The Conviction of Lynne Stewart and the Uncertain Future of the Right to Defend


At the heart of the attorney-client relationship lies the ability to communicate freely and without fear that someone is listening. Since 9/11, the government has passed regulations, such as the Special Administrative Measures (“SAMs”), that by virtue of their broad scope and lack of procedural safeguards have endangered this privilege, particularly for incarcerated criminal defendants. The recent conviction of attorney Lynne Stewart for providing material support to a foreign terrorist organization has brought this issue to the forefront, as the prosecution relied upon government-monitored conversations between Stewart and her client, convicted terrorist Sheik Abdel Rahman, to prove its case against her. This Article argues that post-9/11 administrative mechanisms such as the SAMs represent a classic case of governmental overreaching, one that is in line with a long history of compromising civil liberties and limiting access to the courts during periods of war and national anxiety. It analyzes the effects of such mechanisms upon criminal defendants and those who represent them, and uses Lynne Stewart’s conviction as a lens through which to examine the history that brought us to this point as well as serving as a concrete example of what can, and does, happen when rules regulating the bounds of proper legal advocacy are violated. It concludes by demonstrating that although effective defense strategies may temper the impact of certain aspects of the SAMs, the regulations’ very existence has the potential to “chill” the attorneyclient relationship and thereby threaten the Sixth Amendment – a reality the courts have yet to acknowledge.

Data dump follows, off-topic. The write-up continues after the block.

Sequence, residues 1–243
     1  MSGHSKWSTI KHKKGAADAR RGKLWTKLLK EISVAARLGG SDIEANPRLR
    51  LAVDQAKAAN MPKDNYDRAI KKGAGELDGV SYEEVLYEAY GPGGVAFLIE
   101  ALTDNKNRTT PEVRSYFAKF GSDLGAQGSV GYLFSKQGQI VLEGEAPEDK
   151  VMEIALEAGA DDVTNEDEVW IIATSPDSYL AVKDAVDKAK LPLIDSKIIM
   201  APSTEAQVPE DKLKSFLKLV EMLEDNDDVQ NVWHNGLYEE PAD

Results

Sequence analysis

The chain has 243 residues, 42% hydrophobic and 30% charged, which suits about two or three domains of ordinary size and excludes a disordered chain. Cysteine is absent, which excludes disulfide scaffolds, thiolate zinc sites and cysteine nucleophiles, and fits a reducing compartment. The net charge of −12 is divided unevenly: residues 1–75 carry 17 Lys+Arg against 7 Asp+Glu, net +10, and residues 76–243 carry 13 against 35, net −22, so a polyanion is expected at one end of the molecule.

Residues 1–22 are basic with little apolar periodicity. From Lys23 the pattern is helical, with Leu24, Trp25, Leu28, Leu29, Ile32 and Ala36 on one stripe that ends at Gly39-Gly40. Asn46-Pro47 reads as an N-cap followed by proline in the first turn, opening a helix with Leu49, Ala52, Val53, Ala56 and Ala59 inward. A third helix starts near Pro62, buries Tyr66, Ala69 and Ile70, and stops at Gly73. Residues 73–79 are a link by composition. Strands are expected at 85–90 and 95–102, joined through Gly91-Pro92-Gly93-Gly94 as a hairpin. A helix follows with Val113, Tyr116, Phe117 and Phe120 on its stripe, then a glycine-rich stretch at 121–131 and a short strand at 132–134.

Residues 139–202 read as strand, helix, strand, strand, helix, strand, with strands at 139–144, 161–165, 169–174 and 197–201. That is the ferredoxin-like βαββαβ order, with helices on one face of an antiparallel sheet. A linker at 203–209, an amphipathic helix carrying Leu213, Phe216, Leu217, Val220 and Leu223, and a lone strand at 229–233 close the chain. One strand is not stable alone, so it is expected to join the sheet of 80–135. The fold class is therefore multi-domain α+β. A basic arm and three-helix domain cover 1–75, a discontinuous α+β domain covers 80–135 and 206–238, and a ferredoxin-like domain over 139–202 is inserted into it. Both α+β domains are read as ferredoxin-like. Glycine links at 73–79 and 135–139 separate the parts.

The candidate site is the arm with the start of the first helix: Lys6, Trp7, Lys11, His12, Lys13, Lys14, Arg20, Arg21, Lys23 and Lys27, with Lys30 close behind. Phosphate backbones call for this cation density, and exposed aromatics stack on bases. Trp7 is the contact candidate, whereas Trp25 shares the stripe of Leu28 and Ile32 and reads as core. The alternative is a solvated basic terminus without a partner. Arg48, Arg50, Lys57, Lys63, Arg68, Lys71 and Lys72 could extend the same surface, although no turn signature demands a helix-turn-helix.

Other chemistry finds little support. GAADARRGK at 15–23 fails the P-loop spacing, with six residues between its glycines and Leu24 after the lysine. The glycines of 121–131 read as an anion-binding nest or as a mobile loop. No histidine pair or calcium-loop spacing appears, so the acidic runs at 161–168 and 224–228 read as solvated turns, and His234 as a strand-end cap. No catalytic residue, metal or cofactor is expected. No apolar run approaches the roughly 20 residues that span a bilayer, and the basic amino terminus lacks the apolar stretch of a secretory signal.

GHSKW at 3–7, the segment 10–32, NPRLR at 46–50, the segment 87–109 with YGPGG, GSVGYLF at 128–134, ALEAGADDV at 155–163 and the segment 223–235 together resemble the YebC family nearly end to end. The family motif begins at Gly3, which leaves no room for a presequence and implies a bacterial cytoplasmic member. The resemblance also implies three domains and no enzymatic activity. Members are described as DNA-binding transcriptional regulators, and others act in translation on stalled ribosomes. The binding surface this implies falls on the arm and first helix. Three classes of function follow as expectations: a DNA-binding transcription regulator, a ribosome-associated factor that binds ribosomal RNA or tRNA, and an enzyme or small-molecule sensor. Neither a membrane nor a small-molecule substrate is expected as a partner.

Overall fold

Legal Profession

Date of this Version

March 2006